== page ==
That India is a young nation is beyond doubt. But was it also, for millennia, a unified civilisation in social and cultural terms with a defined geographical territory? The British believed that they created India. British historian John Strachey is a good example of this colonial deceit. He writes: “There is not, and never was an India, nor ever any country of India, possessing according to European ideas, any sort of unity, physical, political, social or religious; no nation, no “people of India” of which we hear so much.”
The British believed that before they came, India was a collation of random diversities, which they melded together into a nation. As rulers, they were entitled to such an illusion, and to some extent, cannot be blamed for being overwhelmed by the surface diversities that India presents to any foreigner. The apparent cacophony of languages, dress, customs, rituals, food and regional identities, can appear bewilderingly different.
But, below the surface, there is a civilisational unity, and objective historians have little doubt about it. Dr Upinder Singh, in her magnum opus, A History of Ancient India and Medieval India: From the Stone Age to the 12th Century, testifies to this. She is a professional historian of impeccable credentials and —incidentally — the daughter of Dr Manmohan Singh, former prime minister of India. She writes: “One of several explanations of the name Bharatvarsha connects it with the Bharata people, descendants of the legendary king Bharata, son of Dushyanta and Shakuntala. Cosmography blends with geography in the Puranas. Bharatvarsha is said to consist of nine divisions (khandas), separated from one another by seas. But the mention of mountains, rivers and places—some of which can be identified—suggests that the composers were familiar with various areas of the sub-continent, and perceived them as part of a larger cultural whole (emphasis mine)’.
Other historians, such as Sunil Khilnani, in his very readable book The Idea of India, discounts colonial hubris but still believes that “the moments of actual unification of India’s past were achieved under the yoke of British rule.” But this too is factually incorrect. Political unity — even if not in the modern sense of a nation-State — was achieved as far back as the fourth century BCE, in the reign of Chandragupta Maurya. His contemporary, the legendary Chanakya, defined that unity as the ‘Chakravarti Kshetra’: “The area extending from the Himalayas in the north to the sea and a thousand yojanas wide from east to west is the operation of King-Emperor.” Scholars of ancient India endorse this territorial unification. Koenraad Elst, in his book, Decolonizing the Hindu Mind, writes: “Chandragupta Maurya, Ashok and Samudragupta are fully historical rulers who approached the ideal of uniting the whole sub-continent….There aren’t many countries which had a sense of national unity 23 centuries ago on the basis of the same boundaries which (disregarding the Partition) are valid today.”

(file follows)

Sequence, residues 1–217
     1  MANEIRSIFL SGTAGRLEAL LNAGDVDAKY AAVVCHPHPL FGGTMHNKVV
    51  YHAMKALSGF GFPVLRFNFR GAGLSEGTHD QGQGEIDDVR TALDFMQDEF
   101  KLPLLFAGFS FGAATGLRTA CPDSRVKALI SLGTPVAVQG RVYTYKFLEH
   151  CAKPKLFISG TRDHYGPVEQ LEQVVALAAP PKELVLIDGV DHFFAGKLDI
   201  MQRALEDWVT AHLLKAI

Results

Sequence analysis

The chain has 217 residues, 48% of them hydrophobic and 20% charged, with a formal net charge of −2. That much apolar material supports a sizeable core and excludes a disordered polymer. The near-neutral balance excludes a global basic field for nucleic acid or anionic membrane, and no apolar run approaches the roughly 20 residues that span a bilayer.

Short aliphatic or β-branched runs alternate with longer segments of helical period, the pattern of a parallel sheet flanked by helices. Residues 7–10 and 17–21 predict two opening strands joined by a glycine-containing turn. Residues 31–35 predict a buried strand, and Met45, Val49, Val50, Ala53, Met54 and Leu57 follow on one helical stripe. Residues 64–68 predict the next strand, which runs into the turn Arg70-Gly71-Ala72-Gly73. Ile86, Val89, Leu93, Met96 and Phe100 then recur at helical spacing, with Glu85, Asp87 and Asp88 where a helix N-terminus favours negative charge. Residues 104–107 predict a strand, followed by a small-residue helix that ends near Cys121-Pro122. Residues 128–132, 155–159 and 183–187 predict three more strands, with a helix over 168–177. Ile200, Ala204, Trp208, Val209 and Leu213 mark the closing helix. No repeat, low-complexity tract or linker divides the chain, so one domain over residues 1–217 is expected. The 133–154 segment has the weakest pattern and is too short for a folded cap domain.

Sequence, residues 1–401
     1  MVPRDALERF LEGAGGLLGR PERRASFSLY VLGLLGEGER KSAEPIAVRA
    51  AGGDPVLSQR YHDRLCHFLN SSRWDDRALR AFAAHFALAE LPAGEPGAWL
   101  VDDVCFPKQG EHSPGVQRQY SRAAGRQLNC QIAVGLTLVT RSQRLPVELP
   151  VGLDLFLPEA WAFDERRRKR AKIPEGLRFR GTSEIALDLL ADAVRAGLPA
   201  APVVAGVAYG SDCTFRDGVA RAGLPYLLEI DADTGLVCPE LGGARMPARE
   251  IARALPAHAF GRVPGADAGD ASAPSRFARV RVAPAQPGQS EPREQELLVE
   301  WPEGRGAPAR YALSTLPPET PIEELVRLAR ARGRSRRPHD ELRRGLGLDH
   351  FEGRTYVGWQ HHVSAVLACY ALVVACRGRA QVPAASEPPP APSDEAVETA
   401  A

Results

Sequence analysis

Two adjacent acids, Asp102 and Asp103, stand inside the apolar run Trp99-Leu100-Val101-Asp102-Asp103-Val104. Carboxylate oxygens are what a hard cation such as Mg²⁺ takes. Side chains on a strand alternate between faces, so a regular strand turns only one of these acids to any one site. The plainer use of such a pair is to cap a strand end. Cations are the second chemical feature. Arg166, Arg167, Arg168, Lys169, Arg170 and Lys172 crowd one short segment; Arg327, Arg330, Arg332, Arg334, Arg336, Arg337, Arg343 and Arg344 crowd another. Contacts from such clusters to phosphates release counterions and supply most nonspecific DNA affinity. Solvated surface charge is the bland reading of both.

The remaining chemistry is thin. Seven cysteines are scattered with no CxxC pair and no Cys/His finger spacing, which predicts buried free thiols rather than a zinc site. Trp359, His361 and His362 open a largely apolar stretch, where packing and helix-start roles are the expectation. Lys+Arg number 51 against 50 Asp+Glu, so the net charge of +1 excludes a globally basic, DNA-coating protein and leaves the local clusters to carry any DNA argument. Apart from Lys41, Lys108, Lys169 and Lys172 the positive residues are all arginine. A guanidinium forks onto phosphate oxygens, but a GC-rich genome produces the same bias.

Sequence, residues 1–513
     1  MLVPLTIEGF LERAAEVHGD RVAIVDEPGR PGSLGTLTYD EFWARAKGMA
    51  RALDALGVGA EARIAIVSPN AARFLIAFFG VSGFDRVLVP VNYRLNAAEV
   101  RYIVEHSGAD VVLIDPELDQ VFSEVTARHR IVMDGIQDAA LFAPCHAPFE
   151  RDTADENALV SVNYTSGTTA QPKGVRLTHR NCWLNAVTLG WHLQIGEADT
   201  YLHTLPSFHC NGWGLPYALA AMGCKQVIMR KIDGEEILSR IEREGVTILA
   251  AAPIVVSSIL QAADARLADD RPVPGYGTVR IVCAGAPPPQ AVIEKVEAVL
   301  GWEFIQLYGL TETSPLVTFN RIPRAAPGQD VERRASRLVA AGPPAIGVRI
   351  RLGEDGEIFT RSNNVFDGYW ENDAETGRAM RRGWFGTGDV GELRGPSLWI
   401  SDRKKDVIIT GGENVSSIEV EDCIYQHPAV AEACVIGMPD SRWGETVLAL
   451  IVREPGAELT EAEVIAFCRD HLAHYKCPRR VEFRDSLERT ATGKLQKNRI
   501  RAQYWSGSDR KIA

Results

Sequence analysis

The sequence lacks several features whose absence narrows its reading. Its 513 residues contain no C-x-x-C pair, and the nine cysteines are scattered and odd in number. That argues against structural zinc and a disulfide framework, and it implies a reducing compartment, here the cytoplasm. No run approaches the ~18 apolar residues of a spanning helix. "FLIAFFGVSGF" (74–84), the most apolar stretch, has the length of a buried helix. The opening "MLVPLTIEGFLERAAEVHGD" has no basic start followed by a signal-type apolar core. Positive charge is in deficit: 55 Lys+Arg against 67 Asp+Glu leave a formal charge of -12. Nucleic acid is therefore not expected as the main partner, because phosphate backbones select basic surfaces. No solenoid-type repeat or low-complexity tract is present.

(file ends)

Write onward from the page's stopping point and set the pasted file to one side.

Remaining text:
This civilisational unity is borne about by the four mathas established by Adi Shankaracharya in the 8th century CE, much before the British arrived. One was in Sringeri in the south, the second at Puri on the east coast, the third at Dwarka on the west coast, and the fourth at Joshimath in the Himalayas in the north. These four mathas define the civilisational map of India. The great philosopher-sage was himself born in Kerala, and died at Kedarnath.
The truth is that India as a self-conscious civilisation has existed since the dawn of time. Over the centuries, it has interacted with and assimilated other cultures and influences. That has not diluted but only enriched its essential and syncretic cultural unity. Arun Shourie gives some fascinating examples of how this unity is demonstrated in everyday life: “Only Namboodris from Kerala are to be priests at Badrinath, those in the Pashupatinath temple at Kathmandu are always from South Kanara in Karnataka, those at Rameshwaram in the deep south are from Maharashtra….the Sankalp Mantra with which every puja commends the prayers in the deities, situates the jajyaman (the person organizing the puja) with reference to the salients and sacred rivers of the entire land.”
Book launch in Bhubaneswar
This week, I made a day’s visit to Bhubaneswar to launch a biography on the late Maharaja Rajendra Narayan Singh Deo, written by Professor Pabitra Mohan Nayak and VR Singh. It was a jam-packed function. RN Singh Deo was the ruler of Patna state in Odisha, but joined democratic politics after 1947 and became the chief minister of Odisha (1967-71), and was also a member of the Lok Sabha. He was a remarkable man, of great integrity and character, learned and cultured, a fine administrator, and in spite of his privileged background, a person of great humility.
I was invited to launch the book by his son, AU Singh Deo, who is himself a highly respected and successful politician. He was the founder, along with Naveen Patnaik, of the Biju Janata Dal, a senior minister in the Odisha government, and a member of the Rajya Sabha. His sons too are in politics. The eldest, Kalikesh Singh Deo, was elected twice to the Lok Sabha, and Arkesh, the younger son, was also a member of the Odisha Assembly.
Pavan K Varma is author, diplomat, and former Member of Parliament (Rajya Sabha).
Just Like That is a weekly column where Varma shares nuggets from the world of history, culture, literature, and personal reminiscences with HT Premium readers
The views expressed are personal